We Belong Dead: How did your background as an animator influence Grylu Sker? And can you discuss the animation style?
Kevin McTurk: My animation style incorporates live action bunraku or ‘table-top’ rod puppetry with large-scale figures (forty-inch tall semi-mechanized puppets controlled by two or three puppeteers hidden directly behind the puppets), stop-motion sequences, miniatures, and other ‘smoke and mirrors’ trickery.
We Belong Dead: And what about the horror elements? How will you go about creating the fearful animation?
Kevin McTurk: I find that puppetry is the perfect medium to convey the horror elements of Grylu Sker. Puppetry lends itself to the ‘campfire storytelling’ quality of ghost stories. As soon as the audience starts to watch these characters onscreen in the hands of an expert puppeteer, they lean forward in their seats and are completely engaged.
We Belong Dead: Grylu Sker is being co-written by Oscar-nominee Sjón, who also co-wrote The Northman, and Oscar-nominee Tab Murphy. How did these two talented individuals come onboard, and what has it been like working with them?
Kevin McTurk: I have been good friends with Tab Murphy since we met in 2017 when he attended the premiere of The Mill at Calder’s End at The Jim Henson Company Lot. We had a fantastic collaboration on The Haunted Swordsman, as we are both samurai film and creature film fanatics. We began several very rough drafts of Grylu Sker and then (through a mutual friend) I reached out to Sjon to see if he would be interested in collaborating on the project. He really loved The Haunted Swordsman and my earlier films. He agreed quickly and we held many zoom meetings and script exchanges to reach our final draft. Sjon brought a perfect authenticity and true Icelandic feel to the work. I hope to work with him again, and I always love working with Tab.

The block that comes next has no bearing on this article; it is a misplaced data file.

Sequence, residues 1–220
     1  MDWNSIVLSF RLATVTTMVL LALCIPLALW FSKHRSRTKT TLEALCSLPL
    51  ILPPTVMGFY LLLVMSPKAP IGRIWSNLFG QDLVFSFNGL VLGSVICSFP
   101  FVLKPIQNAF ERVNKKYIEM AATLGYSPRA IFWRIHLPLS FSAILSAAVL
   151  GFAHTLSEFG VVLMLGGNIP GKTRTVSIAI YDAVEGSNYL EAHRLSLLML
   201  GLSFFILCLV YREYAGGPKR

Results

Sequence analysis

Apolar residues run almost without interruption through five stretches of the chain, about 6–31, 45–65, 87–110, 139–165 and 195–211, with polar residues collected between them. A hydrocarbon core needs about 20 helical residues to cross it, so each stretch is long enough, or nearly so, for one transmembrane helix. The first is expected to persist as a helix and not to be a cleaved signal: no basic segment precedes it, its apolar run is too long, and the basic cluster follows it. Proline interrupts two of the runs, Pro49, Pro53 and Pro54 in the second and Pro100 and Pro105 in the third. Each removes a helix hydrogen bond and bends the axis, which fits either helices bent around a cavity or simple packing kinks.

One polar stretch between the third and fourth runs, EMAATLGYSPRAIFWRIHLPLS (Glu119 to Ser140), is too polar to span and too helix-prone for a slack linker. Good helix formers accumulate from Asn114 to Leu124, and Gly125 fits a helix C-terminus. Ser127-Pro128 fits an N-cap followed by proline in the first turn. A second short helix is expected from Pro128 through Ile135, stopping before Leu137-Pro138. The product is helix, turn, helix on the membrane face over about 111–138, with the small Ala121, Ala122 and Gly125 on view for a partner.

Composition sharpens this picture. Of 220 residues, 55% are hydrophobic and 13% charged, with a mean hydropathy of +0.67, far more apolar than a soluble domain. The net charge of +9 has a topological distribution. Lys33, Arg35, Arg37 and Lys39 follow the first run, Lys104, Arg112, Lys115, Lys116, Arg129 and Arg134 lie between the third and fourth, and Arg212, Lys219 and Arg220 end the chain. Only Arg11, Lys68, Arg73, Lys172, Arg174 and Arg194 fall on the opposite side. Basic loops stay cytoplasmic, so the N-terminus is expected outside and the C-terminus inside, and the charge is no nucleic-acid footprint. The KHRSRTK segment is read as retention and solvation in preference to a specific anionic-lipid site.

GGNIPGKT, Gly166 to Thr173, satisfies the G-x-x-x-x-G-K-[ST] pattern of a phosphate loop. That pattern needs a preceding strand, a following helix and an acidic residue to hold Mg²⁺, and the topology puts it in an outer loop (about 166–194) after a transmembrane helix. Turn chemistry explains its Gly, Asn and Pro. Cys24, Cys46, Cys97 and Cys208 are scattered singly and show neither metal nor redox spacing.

We Belong Dead: And what has it been like collaborating with Oscar-winning animator Phil Tippett on the project?
Kevin McTurk: Phil is a true legend and a mad man. His film Mad God was absolutely jaw-dropping and was an inspiration for the hallucinatory, existential approach to this film. He has been so receptive to all of my creature design and early armature design questions, and I am looking forward to the stop motion days ahead.
We Belong Dead: And can you discuss the cast?
Kevin McTurk: The cast at the moment is only Peter Stormare (at the moment), as he is the only one I have recorded. Peter was phenomenal as one would expect, and I am looking forward to testing the puppet reading of his recorded lines. I am thrilled to be working soon with Aaron LaPlante (the guttural voice of the caveman Spear in Genndy Tartakovsky’s Primal). The other remaining voices to be recorded are under wraps at the moment!
We Belong Dead: What do you hope horror fans will take away from Grylu Sker?
Kevin McTurk: As with all of my short films, I hope the audience are entranced by both a chilling story and the performance of the beautifully crafted puppet in the hands of an expert puppeteer. For me, I love the moment when the audience is not quite sure what they are looking at. And then, once they realize that this is a live action puppet, they lean forward in their seats and get lost in the storytelling.
We Belong Dead: Do you think there will always be a market for mature animated horror?
Kevin McTurk: Yes, absolutely! With anthologies like Love, Death, and Robots, and shows like Primal and Castlevania, there is a definite interest in mature animated horror.
Kevin’s Kickstarter link for the project was recently fully funded: https://www.kickstarter.com/projects/935772123/grylu-sker-an-icelandic-ghost-story-puppet-film